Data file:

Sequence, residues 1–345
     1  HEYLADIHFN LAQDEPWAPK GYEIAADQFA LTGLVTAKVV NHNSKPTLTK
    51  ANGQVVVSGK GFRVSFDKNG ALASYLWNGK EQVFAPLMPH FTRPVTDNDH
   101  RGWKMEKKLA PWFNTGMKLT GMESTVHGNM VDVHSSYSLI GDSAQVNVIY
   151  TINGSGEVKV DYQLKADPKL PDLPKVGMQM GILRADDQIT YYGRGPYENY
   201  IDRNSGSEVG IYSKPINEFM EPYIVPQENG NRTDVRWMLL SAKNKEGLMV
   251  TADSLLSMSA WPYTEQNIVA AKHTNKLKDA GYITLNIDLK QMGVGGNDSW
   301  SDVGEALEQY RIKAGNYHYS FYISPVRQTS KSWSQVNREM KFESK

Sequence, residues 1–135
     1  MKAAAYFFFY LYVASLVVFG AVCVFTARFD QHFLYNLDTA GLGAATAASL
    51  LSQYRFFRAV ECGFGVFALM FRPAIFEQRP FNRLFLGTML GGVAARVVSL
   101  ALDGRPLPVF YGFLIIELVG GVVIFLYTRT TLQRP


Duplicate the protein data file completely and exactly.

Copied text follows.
Sequence, residues 1–345
     1  HEYLADIHFN LAQDEPWAPK GYEIAADQFA LTGLVTAKVV NHNSKPTLTK
    51  ANGQVVVSGK GFRVSFDKNG ALASYLWNGK EQVFAPLMPH FTRPVTDNDH
   101  RGWKMEKKLA PWFNTGMKLT GMESTVHGNM VDVHSSYSLI GDSAQVNVIY
   151  TINGSGEVKV DYQLKADPKL PDLPKVGMQM GILRADDQIT YYGRGPYENY
   201  IDRNSGSEVG IYSKPINEFM EPYIVPQENG NRTDVRWMLL SAKNKEGLMV
   251  TADSLLSMSA WPYTEQNIVA AKHTNKLKDA GYITLNIDLK QMGVGGNDSW
   301  SDVGEALEQY RIKAGNYHYS FYISPVRQTS KSWSQVNREM KFESK

Sequence, residues 1–135
     1  MKAAAYFFFY LYVASLVVFG AVCVFTARFD QHFLYNLDTA GLGAATAASL
    51  LSQYRFFRAV ECGFGVFALM FRPAIFEQRP FNRLFLGTML GGVAARVVSL
   101  ALDGRPLPVF YGFLIIELVG GVVIFLYTRT TLQRP